Capture 2012: Photography, Nature, Human Rights - International Conference at Yale , October 12-13, 2012
Capture 2012 aims to enable a new interdisciplinary space for investigating the relationships among photography, human rights and the environment. Photographic documentation has become a key tool in the fight for human rights and against political violence, mediating responses to global zones of distress. Photography is often thought of as a way of disseminating evidence of human rights violations in order to call for immediate action. Capture 2012 proposes to divert attention to another aspect of these broadly circulated images: Human rights violations are never captured independently of their harmed environments. At the same time, violations reported around the world are directly related to the devastation of natural resources like air, light and water, whether interpreted as catastrophic events or gradual declines. Communities on the move after the Fukushima Daiichi explosion, or North African migrants landing in the Italian island of Lampedusa, were only tenuously represented in the media in connection to the ecological crises in the background of their flight. However, those visual representations suggest new understandings of the conditions of visibility, the environment and the relationships among them.
From another perspective, photography can be perceived as subjected to parallel environmental transformations, as in the case of smog darkening the photographic images coming from places like Linfen, China. We hope that by linking photography to the environment and to environmental critiques, we could start a discussion that enriches the discourse on human rights as a way of sharing the world and sustaining it. We wish to bring together challenges to the claims of human rights and critical analyses of photography. Therefore, we intend to include images and ideas in our conversation as a way of connecting theory and practice, scholarship and art, activism and writing.
Capture 2012 invites contributions and interventions from various fields and practices such as: international law, journalism, history of art, photography, political science, geography, literature, sociology and cultural studies.
Topics for textual and/or visual presentations may include, but are not limited to:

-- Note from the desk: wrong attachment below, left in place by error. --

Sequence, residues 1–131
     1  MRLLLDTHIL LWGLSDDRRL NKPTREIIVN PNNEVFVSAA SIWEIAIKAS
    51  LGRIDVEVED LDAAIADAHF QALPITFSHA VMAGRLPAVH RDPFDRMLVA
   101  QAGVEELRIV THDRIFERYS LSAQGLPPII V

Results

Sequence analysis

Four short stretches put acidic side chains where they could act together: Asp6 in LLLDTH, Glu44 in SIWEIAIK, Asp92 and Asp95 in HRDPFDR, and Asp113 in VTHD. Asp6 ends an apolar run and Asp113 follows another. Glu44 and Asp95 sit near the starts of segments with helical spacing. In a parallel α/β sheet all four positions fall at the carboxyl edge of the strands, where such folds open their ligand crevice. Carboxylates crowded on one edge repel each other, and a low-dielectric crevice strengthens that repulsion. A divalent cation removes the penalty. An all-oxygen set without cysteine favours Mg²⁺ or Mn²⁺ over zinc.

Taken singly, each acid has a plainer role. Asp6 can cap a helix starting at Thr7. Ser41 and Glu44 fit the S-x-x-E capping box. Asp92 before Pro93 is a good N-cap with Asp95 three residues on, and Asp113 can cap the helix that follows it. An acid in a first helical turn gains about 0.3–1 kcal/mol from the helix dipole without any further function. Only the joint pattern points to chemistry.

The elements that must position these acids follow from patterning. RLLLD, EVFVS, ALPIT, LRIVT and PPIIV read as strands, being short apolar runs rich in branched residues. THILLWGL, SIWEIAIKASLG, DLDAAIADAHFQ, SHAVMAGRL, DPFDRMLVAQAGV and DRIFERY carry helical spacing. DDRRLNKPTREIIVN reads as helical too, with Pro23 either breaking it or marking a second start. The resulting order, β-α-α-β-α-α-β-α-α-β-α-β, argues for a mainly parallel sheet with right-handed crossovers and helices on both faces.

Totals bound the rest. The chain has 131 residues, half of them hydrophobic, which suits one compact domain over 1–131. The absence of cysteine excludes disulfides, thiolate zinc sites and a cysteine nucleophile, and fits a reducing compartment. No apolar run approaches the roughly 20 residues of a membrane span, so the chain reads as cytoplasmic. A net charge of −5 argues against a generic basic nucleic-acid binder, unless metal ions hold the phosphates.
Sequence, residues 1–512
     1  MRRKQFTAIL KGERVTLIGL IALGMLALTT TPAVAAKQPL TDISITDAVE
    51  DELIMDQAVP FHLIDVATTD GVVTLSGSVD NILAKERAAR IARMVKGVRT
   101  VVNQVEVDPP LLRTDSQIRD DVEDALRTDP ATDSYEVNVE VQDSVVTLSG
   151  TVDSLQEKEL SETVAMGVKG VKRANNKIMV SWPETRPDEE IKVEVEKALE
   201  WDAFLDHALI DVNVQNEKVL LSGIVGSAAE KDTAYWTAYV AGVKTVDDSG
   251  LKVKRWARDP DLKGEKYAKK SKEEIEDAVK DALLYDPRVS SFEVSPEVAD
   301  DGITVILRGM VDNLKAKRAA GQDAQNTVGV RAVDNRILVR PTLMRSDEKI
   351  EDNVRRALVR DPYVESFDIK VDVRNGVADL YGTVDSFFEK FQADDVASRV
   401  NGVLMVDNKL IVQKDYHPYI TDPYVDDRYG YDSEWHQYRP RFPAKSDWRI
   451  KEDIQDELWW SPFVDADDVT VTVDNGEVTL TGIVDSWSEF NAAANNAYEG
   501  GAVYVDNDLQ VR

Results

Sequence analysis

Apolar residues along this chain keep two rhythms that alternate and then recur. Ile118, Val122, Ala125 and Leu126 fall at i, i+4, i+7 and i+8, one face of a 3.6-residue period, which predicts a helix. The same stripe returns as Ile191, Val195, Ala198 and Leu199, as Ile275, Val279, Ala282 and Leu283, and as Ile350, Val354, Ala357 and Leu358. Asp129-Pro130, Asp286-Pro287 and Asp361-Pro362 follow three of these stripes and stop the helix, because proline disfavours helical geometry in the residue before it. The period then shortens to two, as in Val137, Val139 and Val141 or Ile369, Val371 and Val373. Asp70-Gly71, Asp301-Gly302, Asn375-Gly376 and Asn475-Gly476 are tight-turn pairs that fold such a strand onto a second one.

• Human rights and contemporary visual culture
• Cameras and activism: theoretical and practical perspectives
• Human rights and animal rights in dialogue
• Nature photography and the meaning of disaster
• The politics of earthquakes, floods and drought
• Environmental sensibilities in visual communication
• Visual representation of nuclear power in contemporary media
We seek short papers (10-12 pages) or visual presentations that will advance the conversation around the issues that Capture2012 embraces. If you wish to present your work at the conference, please send a 300-word abstract (Word format only) and a short bio no later than September 15, 2012, to email@example.com
• Anne McClintock, Simone de Beauvoir Professor of English and Women’s and Gender Studies, University of Wisconsin-Madison
• Ariella Azoulay, Professor of Modern Culture and Media, Brown University, and Director of Photo-Lexic International Research Group, Minerva Center, Tel Aviv University.
Organizers: Laura Wexler (Professor of American Studies and Women’s, Gender & Sexuality Studies, and Director of Photographic Memory Workshop at Yale), James Silk (Clinical Professor of Law, Allard K. Lowenstein International Human Rights Clinic, and Executive Director, Orville H. Schell, Jr. Center for International Human Rights, Yale Law School), Itamar Mann (Yale Law School), Noam Gal (Comparative Literature, Yale).
Capture 2012 is supported by the Orville H. Schell, Jr. Center for International Human Rights at Yale Law School, and by the Photographic Memory Workshop at Yale.
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